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Mark Agnes v. Nurse Joseph
October 20, 2011
NURSE JOSEPH, ET AL., DEFENDANTS.
The opinion of the court was delivered by: Lawrence J. O'Neill United States District Judge
ORDER ADOPTING FINDINGS AND RECOMMENDATIONS (ECF No. 26)
Plaintiff Mark Agnes ("Plaintiff") is a state prisoner proceeding pro se and in forma pauperis in this civil rights action pursuant to 42 U.S.C. § 1983. This action proceeds on Plaintiff's Complaint filed May 10, 2010. (ECF No. 1.) On April 28, 2011, this Court screened Plaintiff's Complaint finding that it stated a cognizable claim for relief against Defendants Joseph and Dixon for deliberate indifference to his serious medical need in violation of the Eighth Amendment. On August 15, 2011, Defendant Joseph ("Defendant") filed a motion to dismiss. (ECF No. 18). The matter was referred to a United States Magistrate Judge pursuant to 28 U.S.C. § 636(b)(1)(B) and Local Rule 302. On September 16, 2011, the Magistrate Judge filed a Findings and Recommendations herein which was served on the parties which contained notice that any objections to the Findings and Recommendations were to be filed within thirty days. (ECF No. 26). On October 17, 2011, Defendant filed objections.
Defendant's argument entails that administrative remedies can never be exhausted at the informal level since the boilerplate language in section D on the informal complaint form states that if the prisoner is dissatisfied, they can appeal to the formal level within fifteen days of receiving a response at the informal level. Defendant's argument is unpersuasive. First the operative language is "if you are dissatisfied" and if a prisoner gets the desired outcome at the informal level and is satisfied, then it does not make sense to appeal to the formal level. Then Defendant points to the fact that Plaintiff's subsequent grievances were screened out as duplicative and argues that the subsequent grievances demonstrates that Plaintiff was not satisfied and should have filed a formal appeal. At the heart of this argument is what to do in situations where a prisoner can initially receive a satisfactory response, rely on it and then the satisfactory response is not carried out. How long must a prisoner wait in good faith for the satisfactory response to be carried out and what should a prisoner do when the satisfactory response is not carried out? It does not seem reasonable to demand that a prisoner file a formal complaint just to have it screened out as untimely simply because the prisoner relied on the assurances of prison officials that he would receive a satisfactory response. Such reasoning contradicts the Ninth Circuit findings in Harvey v. Jordan, 605 F.3d 681, 685 (9th Cir. 2010).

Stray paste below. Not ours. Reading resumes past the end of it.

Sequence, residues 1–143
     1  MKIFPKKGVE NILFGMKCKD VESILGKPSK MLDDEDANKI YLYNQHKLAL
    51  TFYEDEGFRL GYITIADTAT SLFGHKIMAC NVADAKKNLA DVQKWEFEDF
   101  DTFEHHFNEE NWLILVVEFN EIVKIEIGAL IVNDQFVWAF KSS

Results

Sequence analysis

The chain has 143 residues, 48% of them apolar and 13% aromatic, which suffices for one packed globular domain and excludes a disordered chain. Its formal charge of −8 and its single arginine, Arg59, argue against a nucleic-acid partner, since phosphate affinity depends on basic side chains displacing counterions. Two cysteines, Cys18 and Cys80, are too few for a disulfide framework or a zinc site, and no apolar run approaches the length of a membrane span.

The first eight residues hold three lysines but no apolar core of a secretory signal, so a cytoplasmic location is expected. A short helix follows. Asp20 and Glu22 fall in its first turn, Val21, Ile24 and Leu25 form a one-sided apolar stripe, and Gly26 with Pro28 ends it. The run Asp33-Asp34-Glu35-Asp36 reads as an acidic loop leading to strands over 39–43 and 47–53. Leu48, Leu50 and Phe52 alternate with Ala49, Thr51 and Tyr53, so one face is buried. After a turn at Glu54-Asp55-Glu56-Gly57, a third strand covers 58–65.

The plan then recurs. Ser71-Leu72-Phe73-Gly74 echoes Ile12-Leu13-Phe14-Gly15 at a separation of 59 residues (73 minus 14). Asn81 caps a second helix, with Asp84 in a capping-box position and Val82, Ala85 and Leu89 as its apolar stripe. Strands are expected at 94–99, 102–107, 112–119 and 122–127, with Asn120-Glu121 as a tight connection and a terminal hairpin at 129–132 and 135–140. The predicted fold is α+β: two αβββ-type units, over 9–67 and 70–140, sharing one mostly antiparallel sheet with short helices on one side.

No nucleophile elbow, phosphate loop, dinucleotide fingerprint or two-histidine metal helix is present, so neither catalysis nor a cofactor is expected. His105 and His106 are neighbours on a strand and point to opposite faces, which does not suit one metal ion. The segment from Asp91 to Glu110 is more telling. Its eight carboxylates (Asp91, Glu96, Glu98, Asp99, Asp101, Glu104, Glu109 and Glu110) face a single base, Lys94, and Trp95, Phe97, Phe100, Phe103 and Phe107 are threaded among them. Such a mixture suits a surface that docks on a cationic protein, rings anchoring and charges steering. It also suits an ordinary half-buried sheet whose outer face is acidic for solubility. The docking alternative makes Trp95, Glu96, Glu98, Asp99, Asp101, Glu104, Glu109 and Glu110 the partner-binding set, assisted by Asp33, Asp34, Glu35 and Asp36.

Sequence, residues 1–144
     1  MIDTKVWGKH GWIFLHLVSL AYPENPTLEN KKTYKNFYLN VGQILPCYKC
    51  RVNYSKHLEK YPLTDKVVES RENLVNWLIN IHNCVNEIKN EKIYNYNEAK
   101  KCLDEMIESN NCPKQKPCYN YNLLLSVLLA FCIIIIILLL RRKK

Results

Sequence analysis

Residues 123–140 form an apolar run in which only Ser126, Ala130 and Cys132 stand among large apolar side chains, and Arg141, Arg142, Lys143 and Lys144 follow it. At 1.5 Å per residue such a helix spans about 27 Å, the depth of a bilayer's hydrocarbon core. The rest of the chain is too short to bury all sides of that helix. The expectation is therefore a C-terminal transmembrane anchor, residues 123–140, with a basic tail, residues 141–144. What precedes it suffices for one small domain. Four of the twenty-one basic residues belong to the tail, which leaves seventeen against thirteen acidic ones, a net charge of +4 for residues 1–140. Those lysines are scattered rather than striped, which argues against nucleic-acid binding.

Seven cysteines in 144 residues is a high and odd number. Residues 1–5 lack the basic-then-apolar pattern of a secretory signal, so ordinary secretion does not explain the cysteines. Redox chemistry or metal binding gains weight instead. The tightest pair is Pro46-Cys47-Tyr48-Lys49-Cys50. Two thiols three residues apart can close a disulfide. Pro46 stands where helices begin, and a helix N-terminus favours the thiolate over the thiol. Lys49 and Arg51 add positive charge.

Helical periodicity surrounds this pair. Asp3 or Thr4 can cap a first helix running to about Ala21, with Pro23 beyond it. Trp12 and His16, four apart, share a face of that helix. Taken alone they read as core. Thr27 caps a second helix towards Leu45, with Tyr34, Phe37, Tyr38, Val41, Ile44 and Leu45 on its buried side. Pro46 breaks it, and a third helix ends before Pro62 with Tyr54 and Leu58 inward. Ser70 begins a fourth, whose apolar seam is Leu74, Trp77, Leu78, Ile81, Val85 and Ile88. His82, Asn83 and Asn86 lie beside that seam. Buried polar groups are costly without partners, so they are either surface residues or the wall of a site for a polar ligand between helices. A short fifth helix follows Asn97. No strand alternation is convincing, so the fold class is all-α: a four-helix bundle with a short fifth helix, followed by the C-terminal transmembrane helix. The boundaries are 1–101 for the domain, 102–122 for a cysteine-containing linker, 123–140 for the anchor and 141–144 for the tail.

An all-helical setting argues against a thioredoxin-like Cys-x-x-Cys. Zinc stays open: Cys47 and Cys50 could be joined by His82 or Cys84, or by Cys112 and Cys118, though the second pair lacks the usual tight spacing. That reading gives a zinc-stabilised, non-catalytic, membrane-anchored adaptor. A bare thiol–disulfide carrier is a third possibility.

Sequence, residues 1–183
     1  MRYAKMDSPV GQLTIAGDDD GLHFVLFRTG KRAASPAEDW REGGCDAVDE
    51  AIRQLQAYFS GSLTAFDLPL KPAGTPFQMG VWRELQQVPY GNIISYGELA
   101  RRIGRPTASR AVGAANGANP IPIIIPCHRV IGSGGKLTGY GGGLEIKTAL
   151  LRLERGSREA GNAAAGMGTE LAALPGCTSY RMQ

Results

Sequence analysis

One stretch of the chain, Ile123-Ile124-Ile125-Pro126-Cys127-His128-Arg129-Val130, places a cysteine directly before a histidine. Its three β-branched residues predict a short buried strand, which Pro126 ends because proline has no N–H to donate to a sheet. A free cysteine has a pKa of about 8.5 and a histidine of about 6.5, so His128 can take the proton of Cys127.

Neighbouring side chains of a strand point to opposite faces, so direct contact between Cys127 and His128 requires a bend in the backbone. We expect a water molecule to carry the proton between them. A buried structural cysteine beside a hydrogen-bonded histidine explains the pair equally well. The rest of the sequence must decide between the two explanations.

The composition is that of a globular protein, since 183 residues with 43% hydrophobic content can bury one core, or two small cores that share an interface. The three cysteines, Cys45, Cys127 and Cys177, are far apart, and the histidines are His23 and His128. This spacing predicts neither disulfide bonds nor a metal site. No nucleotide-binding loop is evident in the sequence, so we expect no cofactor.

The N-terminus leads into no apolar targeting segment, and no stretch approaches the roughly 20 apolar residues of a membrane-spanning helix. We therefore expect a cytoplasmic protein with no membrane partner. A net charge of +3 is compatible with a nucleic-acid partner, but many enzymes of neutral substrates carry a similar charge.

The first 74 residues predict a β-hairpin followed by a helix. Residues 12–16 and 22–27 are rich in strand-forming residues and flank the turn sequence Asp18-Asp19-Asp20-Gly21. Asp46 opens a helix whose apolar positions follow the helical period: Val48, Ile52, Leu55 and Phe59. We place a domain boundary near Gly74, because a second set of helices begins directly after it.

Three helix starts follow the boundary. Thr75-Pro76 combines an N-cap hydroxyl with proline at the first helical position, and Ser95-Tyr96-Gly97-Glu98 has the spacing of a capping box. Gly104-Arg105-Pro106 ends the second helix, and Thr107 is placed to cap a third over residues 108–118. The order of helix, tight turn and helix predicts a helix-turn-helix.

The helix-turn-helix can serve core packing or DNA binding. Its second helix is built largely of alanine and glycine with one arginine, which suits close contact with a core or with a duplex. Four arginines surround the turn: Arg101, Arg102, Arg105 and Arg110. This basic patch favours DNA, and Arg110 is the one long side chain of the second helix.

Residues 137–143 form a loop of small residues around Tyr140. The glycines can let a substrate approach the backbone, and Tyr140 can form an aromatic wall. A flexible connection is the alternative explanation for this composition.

III. Conclusion and Order
In accordance with the provisions of 28 U.S.C. § 636(b)(1)(C), this Court has conducted a de novo review of this case. Having carefully reviewed the entire file, the Court finds the Findings and Recommendations to be supported by the record and by proper analysis.
Accordingly, IT IS HEREBY ORDERED that Defendant's motion to dismiss, filed August 15, 2011, be DENIED. (ECF. No. 18).
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